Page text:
Car running solely on hydrogen built by San Antonio College students

Students to show off hydrogen car at Shell's Eco-Marathon in Detroit

SAN ANTONIO – A car built buy students from San Antonio College can get hundreds, if not thousands, of miles to the gallon, but it's not just an ordinary car. Their vehicle runs on hydrogen. And the students are about to show off their innovative creation in a national setting. 

Student Eben Pfeil loved building things, even as a child.

"(I) built model rockets, launched them up, put in bigger motors to see how high I could send them without them exploding," he said.

Now, Pfeil has taken that passion and turned it into a car that runs solely on hydrogen.

"This is voluntary. We're doing this for the experience of having design, having manufacturing, having testing and engineering practice before we move on into four-year schools and into jobs afterwards," Pfeil said.

For the last year, Pfeil has been working as the car's mechanical engineer. Irene Salazar is the electrical engineer and by default, the driver.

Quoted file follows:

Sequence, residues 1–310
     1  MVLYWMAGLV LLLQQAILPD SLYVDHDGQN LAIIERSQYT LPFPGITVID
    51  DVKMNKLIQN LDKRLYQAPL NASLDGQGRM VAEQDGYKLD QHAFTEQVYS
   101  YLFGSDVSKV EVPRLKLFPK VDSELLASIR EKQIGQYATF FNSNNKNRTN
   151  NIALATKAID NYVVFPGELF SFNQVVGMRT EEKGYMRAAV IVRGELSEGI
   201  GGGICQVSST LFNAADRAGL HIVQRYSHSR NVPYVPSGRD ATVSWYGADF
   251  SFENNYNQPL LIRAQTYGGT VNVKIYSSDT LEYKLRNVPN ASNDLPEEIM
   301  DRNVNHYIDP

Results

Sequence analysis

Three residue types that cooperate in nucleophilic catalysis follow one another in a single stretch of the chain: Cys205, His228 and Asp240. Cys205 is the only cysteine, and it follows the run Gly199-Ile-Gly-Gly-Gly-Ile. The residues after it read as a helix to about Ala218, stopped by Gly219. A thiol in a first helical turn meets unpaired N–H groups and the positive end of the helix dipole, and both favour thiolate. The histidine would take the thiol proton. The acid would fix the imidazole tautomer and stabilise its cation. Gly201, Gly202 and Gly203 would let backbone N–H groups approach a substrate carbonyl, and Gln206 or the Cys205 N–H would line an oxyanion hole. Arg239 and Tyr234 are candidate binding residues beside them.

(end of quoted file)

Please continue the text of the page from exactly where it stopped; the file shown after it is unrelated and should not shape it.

"Because I was shorter," Salazar said about being the driver. "When we started building the car, we needed someone shorter because of the compartment."

Salazar is able to steer the car while lying down almost horizontally.

"It was awesome!" Salazar said. "It was like driving an actual car. The fastest speed I got it up to was 21 miles an hour, and that's pretty fast for it being so close to the ground. It feels really, really fast."

Salazar said she'll race the car Thursday at Shell's Eco-marathon in Detroit. It's a driving competition that showcases energy-efficient innovations. The San Antonio College race car team will drive its invention against other cars like it.

After unveiling the car to the public Friday, the teammates wanted to share their pride with anyone out there dreaming of building and creating.

"Learn about engineering. Engineering is very broad, so you can do anything," Salazar said.

"This is a great future. We need you. We need engineers. We need scientists, and you can do a lot of amazing things with it," Pfeil said.


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